World

Russia ‘abolishes’ monitoring of sanctions on North Korea with UN veto

The vote in the 15-member council was 13 in favour, Russia against, and China abstaining.

The Security Council resolution would have extended the mandate of the panel of experts for a year, but Russia’s veto will halt its operation (AP Photo/Craig Ruttle)
Israel Palestinians UN Security Council The Security Council resolution would have extended the mandate of the panel of experts for a year, but Russia’s veto will halt its operation (AP Photo/Craig Ruttle) (Craig Ruttle/AP)

Russia vetoed a UN resolution on Thursday effectively abolishing the monitoring of sanctions against North Korea by UN experts.

Russia’s vote sparked Western accusations that Moscow was acting to shield its weapons purchases from North Korea for use in its war against Ukraine, in violation of sanctions.

The vote in the 15-member council was 13 in favour, Russia against, and China abstaining.

The vote has sparked accusations from the West that Moscow is seeking to avoid scrutiny as it allegedly violated the sanctions to buy weapons from Pyongyang (AP Photo/Yuki Iwamura)
The vote has sparked accusations from the West that Moscow is seeking to avoid scrutiny as it allegedly violated the sanctions to buy weapons from Pyongyang (AP Photo/Yuki Iwamura) The vote has sparked accusations from the West that Moscow is seeking to avoid scrutiny as it allegedly violated the sanctions to buy weapons from Pyongyang (AP Photo/Yuki Iwamura) (Yuki Iwamura/AP)

The Security Council resolution sponsored by the United States would have extended the mandate of the panel for a year, but Russia’s veto will halt its operations.

The resolution does not alter the sanctions, which remain in force.

Russia’s UN ambassador, Vassily Nebenzia, told the council before the vote that Western nations are trying to “strangle” North Korea and sanctions have proven “irrelevant” and “detached from reality” in reining in its nuclear programme.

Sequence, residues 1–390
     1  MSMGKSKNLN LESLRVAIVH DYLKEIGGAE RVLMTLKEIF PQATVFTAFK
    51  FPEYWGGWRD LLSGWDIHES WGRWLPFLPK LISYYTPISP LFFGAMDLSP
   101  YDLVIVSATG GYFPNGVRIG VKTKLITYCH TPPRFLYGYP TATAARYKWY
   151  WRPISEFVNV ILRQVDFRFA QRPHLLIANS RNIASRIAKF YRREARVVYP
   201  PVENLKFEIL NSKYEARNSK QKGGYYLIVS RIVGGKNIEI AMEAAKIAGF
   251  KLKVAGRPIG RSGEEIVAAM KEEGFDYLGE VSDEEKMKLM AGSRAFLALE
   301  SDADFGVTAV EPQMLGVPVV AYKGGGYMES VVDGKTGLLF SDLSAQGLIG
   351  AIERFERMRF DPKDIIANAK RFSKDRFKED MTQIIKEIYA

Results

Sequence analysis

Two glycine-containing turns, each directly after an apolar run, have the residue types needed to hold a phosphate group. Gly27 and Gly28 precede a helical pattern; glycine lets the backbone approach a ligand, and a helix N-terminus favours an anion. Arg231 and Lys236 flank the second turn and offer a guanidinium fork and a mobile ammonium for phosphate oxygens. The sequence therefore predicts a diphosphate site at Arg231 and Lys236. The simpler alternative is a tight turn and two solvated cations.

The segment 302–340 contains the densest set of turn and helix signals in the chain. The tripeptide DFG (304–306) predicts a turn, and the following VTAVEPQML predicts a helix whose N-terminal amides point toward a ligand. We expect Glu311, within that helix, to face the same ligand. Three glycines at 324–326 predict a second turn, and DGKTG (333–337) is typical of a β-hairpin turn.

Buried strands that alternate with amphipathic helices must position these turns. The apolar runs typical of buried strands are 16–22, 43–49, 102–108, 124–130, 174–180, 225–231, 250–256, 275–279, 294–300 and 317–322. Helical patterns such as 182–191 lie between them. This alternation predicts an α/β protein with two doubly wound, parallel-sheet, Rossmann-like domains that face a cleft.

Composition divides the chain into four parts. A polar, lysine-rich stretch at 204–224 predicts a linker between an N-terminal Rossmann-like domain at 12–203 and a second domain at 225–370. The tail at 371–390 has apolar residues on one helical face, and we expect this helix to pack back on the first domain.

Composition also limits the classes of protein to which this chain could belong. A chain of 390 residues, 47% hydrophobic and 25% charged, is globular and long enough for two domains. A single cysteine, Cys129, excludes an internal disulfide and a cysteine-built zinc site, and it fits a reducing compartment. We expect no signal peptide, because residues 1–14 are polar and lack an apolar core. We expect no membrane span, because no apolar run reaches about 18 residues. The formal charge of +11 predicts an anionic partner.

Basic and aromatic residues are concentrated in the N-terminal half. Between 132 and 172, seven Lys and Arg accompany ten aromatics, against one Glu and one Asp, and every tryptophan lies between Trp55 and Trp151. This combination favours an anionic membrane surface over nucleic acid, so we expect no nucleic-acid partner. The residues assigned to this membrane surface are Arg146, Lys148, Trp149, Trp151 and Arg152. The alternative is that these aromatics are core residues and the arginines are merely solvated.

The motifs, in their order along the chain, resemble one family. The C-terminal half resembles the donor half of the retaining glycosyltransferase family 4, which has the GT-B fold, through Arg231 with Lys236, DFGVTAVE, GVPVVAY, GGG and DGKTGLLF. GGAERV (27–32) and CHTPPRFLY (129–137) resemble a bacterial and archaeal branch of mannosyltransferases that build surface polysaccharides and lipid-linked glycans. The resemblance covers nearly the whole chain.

US deputy ambassador Robert Wood told the council that Russia’s veto was nothing more than “the attempt by one council member to silence the independent objective investigations” into North Korea’s sanctions violations.

He said Russia acted because “the panel began reporting in the last year on Russia’s blatant violations of the UN Security Council resolutions”.

He warned that Russia’s veto will embolden North Korea to continue jeopardising global security through development “of long-range ballistic missiles and sanctions evasion efforts”.

White House national security spokesman John Kirby condemned Russia’s veto as a “reckless action” that undermines sanctions imposed on North Korea while warning against the deepening co-operation between North Korea and Russia, particularly as North Korea continues to supply Russia with weapons as it wages its war in Ukraine.

“The international community should resolutely uphold the global non-proliferation regime and support the people of Ukraine as they defend their freedom and independence against Russia’s brutal aggression,” Mr Kirby told reporters.

Britain’s UN ambassador Barbara Woodward said Russia’s veto follows arms deals between Russia and North Korea in violation of UN sanctions, including “the transfer of ballistic missiles, which Russia has then used in its illegal invasion of Ukraine since the early part of this year”.

“This veto does not demonstrate concern for the North Korean people or the efficacy of sanctions,” she said.

“It is about Russia gaining the freedom to evade and breach sanctions in pursuit of weapons to be used against Ukraine.

“This panel, through its word to expose sanctions non-compliance, was an inconvenience for Russia,” Ms Woodward said.

French ambassador to the UN Nicolas de Riviere (AP Photo/Eduardo Munoz Alvarez)
United Nations Nuclear Weapons French ambassador to the UN Nicolas de Riviere (AP Photo/Eduardo Munoz Alvarez) (Eduardo Munoz Alvarez/AP)

France’s UN ambassador Nicolas de Riviere added that “North Korea has been providing Russia with military material in support of its aggression against Ukraine, in violation of many resolutions which Russia voted in favour of”.

The Security Council imposed sanctions after North Korea’s first nuclear test explosion in 2006 and tightened them over the years in a total of 10 resolutions seeking — so far unsuccessfully — to cut funds and curb its nuclear and ballistic missile programmes.

The last sanctions resolution was adopted by the council in December 2017.

China and Russia vetoed a US-sponsored resolution in May 2022 that would have imposed new sanctions over a spate of intercontinental ballistic missile launches.

The Security Council established a committee to monitor sanctions and the mandate for its panel of experts to investigate violations had been renewed for 14 years.